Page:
Basic preservation techniques were also applied during this phase. All the documents had dust or dirt on them, so they were cleaned by gently brushing the debris off the maps. Moldy maps were set aside and isolated for a few days to allow the mold to dry. A large fan was used to help circulate the air in the room where the processing took place. Once the mold dried, it was then brushed away. On occasion we used archival tape to support tears, especially along creases that tore from the slightest touch.

Archival supplies were purchased and shipped in April a few months prior to the start of the project. When the supplies finally appeared at NAF in June they looked as if they had traveled the world. Fortunately, the contents remained in excellent shape and arrived only a couple of weeks before the project start date much to relief of everyone involved. These supplies would prove to be instrumental during the fourth phase of the project where we rehoused the maps into new acid-free folders or archival boxes. I had also brought cleaning brushes, masks, and gloves that help keep the participants safe while working with the maps. Then, the project members would write in pencil the contents of the folder or box, which then would become the basis of a folder or box list. Eventually, these lists will be typed in a computer and will form the basis of a Finding Guide for the maps collection.

The last phase of the project was to deal with the discard pile, which was a slow and timely process. This the phase continued for a couple of days after the project was finished. Nevertheless, each discarded item needed to be listed as part of the archives' withdrawn or discard policy, and was executed by appropriate staff members. Decisions were made for maps that could be sent to other archives, or maps that will go to the trash/recycle bin. Naturally, maps that have deteriorated beyond salvage got the easiest decisions and were set aside to be recycled.

The same decisions will have to be made for the maps that were kept- whether to digitize them or not. There were some items that could merit digitization. For example, the Land Survey maps looked as though they were hand-drawn, as well as they were deemed to be quite important. One recommendation that came out of the project in regards to the Land Survey maps was to contact those at the Ministry of Itaukei Affairs and see what matching land survey maps they own. Perhaps, together, the two archives could fill in their gaps and coordinate the digitization of them so that access to them could be easier. Currently, the NAF does not have the capability to digitize oversize material. However, the organization has used outside companies for digitization projects in the past, and this could easily be done again.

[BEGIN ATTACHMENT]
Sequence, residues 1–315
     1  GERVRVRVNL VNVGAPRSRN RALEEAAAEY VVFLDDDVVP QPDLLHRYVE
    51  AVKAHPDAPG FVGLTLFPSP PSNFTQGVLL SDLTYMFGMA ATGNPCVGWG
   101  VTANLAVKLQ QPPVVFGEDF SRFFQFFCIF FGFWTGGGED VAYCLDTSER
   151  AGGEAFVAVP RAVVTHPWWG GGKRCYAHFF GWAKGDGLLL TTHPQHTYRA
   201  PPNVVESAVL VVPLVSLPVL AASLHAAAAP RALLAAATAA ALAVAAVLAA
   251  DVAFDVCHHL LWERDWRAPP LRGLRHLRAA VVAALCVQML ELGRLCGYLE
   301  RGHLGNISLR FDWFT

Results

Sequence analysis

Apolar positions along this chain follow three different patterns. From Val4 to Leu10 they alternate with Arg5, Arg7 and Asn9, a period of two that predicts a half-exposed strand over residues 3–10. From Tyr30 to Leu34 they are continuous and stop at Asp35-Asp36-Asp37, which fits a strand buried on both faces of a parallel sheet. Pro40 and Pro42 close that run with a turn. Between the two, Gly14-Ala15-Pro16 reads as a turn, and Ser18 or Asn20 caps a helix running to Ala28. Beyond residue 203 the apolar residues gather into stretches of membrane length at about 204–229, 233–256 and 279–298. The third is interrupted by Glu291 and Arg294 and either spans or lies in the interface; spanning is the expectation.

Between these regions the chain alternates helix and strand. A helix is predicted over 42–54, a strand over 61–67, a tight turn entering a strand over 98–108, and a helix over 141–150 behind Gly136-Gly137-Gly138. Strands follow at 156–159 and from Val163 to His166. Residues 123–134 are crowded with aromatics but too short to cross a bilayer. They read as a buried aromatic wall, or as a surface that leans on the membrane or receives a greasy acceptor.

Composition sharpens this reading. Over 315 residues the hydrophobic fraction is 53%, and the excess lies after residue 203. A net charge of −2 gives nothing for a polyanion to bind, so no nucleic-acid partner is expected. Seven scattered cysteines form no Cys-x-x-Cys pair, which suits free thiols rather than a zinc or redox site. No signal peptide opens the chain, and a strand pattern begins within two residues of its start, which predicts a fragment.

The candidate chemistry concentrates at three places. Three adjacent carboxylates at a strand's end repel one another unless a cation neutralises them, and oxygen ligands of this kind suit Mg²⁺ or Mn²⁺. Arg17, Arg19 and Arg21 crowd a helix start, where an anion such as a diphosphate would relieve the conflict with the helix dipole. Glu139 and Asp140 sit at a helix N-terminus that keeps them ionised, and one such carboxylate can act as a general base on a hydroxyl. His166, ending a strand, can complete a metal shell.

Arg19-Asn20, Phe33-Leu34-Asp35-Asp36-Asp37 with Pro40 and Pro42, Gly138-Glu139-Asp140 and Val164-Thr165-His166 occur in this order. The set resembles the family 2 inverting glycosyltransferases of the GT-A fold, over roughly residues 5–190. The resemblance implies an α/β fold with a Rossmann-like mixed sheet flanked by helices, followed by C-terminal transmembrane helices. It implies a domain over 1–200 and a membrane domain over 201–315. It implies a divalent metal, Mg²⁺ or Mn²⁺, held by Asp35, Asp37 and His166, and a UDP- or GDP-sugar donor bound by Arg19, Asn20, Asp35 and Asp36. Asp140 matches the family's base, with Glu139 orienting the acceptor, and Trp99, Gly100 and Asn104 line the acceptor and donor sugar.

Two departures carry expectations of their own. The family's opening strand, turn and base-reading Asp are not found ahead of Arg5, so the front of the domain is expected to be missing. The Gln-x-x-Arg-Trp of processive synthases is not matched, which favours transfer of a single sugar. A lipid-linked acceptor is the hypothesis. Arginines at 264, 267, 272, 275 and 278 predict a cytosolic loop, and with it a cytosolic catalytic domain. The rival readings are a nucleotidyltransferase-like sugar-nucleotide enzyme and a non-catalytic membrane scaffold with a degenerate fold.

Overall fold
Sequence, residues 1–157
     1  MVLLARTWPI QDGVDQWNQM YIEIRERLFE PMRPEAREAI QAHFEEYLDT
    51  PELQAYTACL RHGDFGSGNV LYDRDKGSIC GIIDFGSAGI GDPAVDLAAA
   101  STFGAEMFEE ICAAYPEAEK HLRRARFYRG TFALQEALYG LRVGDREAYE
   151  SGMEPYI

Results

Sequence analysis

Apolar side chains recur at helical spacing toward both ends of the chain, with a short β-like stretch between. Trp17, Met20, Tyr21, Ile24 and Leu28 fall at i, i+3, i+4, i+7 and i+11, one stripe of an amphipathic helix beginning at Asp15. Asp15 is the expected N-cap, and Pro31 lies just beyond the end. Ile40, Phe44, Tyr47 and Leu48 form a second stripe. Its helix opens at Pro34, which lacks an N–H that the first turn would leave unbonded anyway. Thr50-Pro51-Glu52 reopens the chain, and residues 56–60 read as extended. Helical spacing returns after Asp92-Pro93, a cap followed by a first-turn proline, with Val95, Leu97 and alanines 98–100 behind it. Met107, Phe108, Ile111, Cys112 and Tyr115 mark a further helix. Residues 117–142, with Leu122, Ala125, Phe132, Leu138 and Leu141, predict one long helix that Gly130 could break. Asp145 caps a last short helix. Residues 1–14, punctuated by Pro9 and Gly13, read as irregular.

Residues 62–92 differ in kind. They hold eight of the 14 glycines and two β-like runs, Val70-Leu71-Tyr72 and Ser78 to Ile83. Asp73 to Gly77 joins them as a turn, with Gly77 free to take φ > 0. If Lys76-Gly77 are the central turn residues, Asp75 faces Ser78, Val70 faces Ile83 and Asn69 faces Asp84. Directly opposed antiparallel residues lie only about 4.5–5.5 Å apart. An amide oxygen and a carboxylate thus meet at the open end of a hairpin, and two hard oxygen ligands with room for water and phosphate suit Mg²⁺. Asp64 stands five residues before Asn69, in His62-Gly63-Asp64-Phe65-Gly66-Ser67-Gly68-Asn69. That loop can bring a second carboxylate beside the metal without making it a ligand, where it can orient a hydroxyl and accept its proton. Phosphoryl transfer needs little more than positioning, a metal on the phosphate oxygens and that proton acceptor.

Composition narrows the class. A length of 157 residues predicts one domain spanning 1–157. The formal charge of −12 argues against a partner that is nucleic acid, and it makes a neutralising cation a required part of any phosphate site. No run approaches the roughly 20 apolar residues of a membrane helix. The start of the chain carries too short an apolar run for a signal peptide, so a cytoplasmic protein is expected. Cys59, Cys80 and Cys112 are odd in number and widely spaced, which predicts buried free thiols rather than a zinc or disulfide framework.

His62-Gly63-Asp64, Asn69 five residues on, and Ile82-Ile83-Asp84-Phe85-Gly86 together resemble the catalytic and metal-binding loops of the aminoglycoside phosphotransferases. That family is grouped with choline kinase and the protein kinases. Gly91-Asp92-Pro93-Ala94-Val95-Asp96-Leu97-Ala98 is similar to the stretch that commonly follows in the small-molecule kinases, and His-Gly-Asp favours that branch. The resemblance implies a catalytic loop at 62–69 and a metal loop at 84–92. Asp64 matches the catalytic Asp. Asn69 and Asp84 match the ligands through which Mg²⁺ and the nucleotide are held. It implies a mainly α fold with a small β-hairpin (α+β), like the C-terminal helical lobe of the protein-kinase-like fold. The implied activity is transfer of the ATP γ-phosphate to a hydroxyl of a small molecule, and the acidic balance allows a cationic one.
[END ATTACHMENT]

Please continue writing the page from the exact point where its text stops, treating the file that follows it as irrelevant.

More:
Overall, the project/workshop was a complete success. We were anticipating that the project would take several months and were hoping to finish it by the end of the year. However, we were able to complete the majority of the work after about seven days. Our strict appraisal practices and policies helped us from the start and lighten the burden of records that we had to deal with. Additionally, the participant's determination, diligence and enthusiasm towards the project proved to be a very valuable asset in the quick completion of each of the different phases. It can be extremely difficult for staff members in the Pacific region to attend any kind of formal archival training. Thus, it was nice to see the participants take advantage of a hands-on training or workshop opportunity that comes along to them. There was a sense of pride when working on their own map collection. Now, the longevity of these records has been increased, as well as the access to these records has been made a easier. If other oversize material or collections get deposited to the Archives, the staff now will have the skills to deal with the records.

My most sincere thanks goes to Collin Yabaki and the Ministry of Education for their support of the project; the Interim Chief Archivist, Jim Balenaivalu, and the staff at the National Archives of Fiji: Salanieta Rakarawa, Makelesi Rokoleka, Jennifer Voka, Onisimo Volau, Kemueli Raiqeu, Penioni Kauvure- your hard work and camaraderie made the project a complete success; Taito Raione and Taniela Nayasi Soqo of the Ministry of Itaukei Affairs; International Council on Archives Fund for the International Development of Archives (FIDA); volunteer, Devin Oswald; and CEO Jasper Chou of East Lion Enterprises for the valuable help in shipping supplies to Fiji.

Vinaka vaka levu!